Agbakoba Writes Senate, Calls for Devolution of Powers

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Olisa Agbakoba

By Emmanuel Addeh

A former President of the Nigerian Bar Association (NBA), Dr. Olisa Agbakoba (SAN), has written to the Senate, proposing that powers should be devolved to the nation’s federating units in order to forge a stronger union.

In the letter addressed to the President of the Senate, Dr. Ahmad Lawan, Agbakoba, a rights activist, said there is no one-size-fits-all kind of “true federalism,” noting that the country must choose its own model, considering its peculiarities.

He called for a review of the exclusive and concurrent lists, with the 98 items re-jigged to give more powers to the states, which are powerless given the lopsided nature of the legislative lists.

He stated that the simple proposal to what is considered a complex issue will help resolve many of the challenges currently besetting the nation and expressed his willingness to appear in person before the Senate to explain his position clearly.

He stated: “Nigeria has been long engaged in the federalism question. It is clear that because of our diverse nature and large size, the political system best suited for Nigeria is a federal system.

“But the challenge has been what type of federalism. Many proposals, including restructuring, have been put forward without success. I believe there is a simple solution. This is the devolution of powers.

“The constitution has two legislative lists namely, exclusive and concurrent. These lists have 98 items of powers. The federal government exercises exclusive power over 68 items on the exclusive list. The states in concurrence with the federal government, exercise power over 30 items on the concurrent list.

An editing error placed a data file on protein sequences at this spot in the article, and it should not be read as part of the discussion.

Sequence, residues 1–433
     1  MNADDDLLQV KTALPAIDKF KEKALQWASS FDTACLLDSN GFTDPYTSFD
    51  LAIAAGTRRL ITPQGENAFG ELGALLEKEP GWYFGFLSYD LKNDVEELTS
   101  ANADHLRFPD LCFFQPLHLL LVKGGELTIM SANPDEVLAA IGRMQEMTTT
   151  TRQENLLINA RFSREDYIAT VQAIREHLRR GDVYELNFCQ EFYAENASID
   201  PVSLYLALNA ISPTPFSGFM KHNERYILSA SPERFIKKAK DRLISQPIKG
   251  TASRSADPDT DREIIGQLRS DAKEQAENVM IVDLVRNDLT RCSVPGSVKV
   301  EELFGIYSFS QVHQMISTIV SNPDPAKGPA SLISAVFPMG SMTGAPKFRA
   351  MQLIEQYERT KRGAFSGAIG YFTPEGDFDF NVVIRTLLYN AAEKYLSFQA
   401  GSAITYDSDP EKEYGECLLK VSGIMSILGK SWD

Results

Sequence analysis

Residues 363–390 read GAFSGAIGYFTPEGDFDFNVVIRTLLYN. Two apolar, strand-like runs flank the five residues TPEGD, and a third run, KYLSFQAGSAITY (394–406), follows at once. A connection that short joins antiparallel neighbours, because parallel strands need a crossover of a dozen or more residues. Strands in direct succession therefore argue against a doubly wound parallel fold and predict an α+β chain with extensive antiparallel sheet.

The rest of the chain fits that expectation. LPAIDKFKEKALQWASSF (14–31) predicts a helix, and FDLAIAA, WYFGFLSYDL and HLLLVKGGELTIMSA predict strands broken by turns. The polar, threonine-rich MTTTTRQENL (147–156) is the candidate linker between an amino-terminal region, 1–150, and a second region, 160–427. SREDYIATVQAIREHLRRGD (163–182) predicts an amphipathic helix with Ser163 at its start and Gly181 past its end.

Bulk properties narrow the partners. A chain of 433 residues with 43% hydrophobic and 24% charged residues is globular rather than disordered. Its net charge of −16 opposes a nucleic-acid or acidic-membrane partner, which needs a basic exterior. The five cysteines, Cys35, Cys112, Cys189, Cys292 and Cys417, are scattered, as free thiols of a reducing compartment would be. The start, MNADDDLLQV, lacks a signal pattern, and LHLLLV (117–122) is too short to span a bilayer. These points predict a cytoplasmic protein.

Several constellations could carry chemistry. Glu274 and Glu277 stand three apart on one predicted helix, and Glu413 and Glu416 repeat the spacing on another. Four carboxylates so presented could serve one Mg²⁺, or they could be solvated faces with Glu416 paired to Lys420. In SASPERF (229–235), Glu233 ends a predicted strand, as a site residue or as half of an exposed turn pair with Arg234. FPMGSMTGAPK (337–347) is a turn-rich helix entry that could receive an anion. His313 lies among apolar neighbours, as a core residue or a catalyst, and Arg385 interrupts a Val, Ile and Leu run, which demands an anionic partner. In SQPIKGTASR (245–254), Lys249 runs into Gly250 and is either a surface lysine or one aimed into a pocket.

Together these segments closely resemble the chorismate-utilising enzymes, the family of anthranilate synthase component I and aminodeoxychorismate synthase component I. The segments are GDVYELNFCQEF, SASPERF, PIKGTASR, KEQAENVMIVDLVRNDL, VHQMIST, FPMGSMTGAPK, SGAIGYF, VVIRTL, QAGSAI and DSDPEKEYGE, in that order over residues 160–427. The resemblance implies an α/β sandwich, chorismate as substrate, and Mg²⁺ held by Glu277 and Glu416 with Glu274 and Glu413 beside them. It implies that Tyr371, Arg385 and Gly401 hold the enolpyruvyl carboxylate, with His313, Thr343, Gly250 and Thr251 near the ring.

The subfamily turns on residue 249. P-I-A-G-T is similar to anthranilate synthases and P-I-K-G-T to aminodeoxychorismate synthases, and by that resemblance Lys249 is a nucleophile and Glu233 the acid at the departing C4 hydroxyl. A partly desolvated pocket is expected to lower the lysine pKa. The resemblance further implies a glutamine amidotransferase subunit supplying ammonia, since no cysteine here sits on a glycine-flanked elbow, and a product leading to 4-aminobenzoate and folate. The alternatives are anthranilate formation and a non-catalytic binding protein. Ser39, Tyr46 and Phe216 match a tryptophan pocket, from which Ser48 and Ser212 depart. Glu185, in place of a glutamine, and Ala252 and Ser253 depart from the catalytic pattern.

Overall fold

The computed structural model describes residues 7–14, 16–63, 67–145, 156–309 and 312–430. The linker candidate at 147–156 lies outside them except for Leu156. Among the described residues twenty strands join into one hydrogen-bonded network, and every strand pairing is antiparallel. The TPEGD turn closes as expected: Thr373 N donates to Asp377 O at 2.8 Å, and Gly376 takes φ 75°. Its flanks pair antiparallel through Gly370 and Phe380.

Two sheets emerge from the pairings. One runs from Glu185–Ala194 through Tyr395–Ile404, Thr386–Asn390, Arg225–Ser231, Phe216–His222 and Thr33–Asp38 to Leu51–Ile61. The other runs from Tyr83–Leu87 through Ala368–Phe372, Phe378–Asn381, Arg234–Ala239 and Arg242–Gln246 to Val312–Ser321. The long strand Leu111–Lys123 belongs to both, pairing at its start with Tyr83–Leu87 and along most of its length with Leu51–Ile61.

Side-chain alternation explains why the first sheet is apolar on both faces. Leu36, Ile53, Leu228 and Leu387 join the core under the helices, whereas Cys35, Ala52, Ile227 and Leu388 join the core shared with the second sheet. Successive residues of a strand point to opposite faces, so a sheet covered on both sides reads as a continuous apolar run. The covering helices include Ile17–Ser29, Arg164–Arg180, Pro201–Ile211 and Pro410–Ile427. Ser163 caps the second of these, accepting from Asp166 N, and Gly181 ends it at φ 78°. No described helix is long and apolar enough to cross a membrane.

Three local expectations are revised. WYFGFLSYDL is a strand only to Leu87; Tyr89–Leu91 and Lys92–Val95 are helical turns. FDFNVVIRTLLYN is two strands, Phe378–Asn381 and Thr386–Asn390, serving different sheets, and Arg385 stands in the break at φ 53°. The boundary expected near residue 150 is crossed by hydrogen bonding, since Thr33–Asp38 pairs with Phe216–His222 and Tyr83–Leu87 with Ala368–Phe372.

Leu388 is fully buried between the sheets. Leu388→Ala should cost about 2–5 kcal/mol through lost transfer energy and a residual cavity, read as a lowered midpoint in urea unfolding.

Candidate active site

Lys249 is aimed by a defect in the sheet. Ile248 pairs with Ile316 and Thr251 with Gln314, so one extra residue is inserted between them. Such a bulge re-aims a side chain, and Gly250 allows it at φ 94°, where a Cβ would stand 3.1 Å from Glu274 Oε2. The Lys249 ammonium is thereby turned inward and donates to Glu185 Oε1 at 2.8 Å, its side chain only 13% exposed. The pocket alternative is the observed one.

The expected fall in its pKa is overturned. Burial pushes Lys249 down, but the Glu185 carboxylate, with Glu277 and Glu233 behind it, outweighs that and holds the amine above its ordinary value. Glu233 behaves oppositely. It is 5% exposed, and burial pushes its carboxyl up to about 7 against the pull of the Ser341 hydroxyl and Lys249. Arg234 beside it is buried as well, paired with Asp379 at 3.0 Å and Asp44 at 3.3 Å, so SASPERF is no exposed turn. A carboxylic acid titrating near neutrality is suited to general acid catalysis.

“But the states may only exercise power on the concurrent list, only if the federal government has not already ‘covered the field’ on any of the 30 items. In effect, state governments really have no power.”

Agbakoba suggested that to resolve this, a committee may be set up to review the 98 items on the exclusive list and assign what is best to the federal government and what is best to the states based on the principle of subsidiarity.

“I also suggest the exclusive list and concurrent list be renamed as the federal legislative list and state legislative list. The federal government will exercise reserved powers. The states will exercise devolved power,” he said.

He explained that as president of the NBA, he worked with the Forum of Federations, which reviewed diverse models of federalism which can be of assistance to the National Assembly.
He said: “In their book: ‘Federalism: An Introduction by George Anderson,’ the author points out that many federal models have strong central governments; yet other models have a weak central government.

“Some models have interlocking features where the principle of cooperative federalism enables the federal and state governments to jointly share heads of legislative powers.

“I enclose a copy of the book as I believe it will be of value to the National Assembly. In truth, the concept of true federalism is a myth and does not exist. Every nation chooses its form of federalism.

“I have enclosed a draft schedule of how powers can be devolved from the federal government to state governments.

“In my opinion, the simple process of devolved powers can be by virtue of an enactment styled, constitution alteration (devolution of powers) bill. This will resolve the self-imposed complex issue of restructuring.”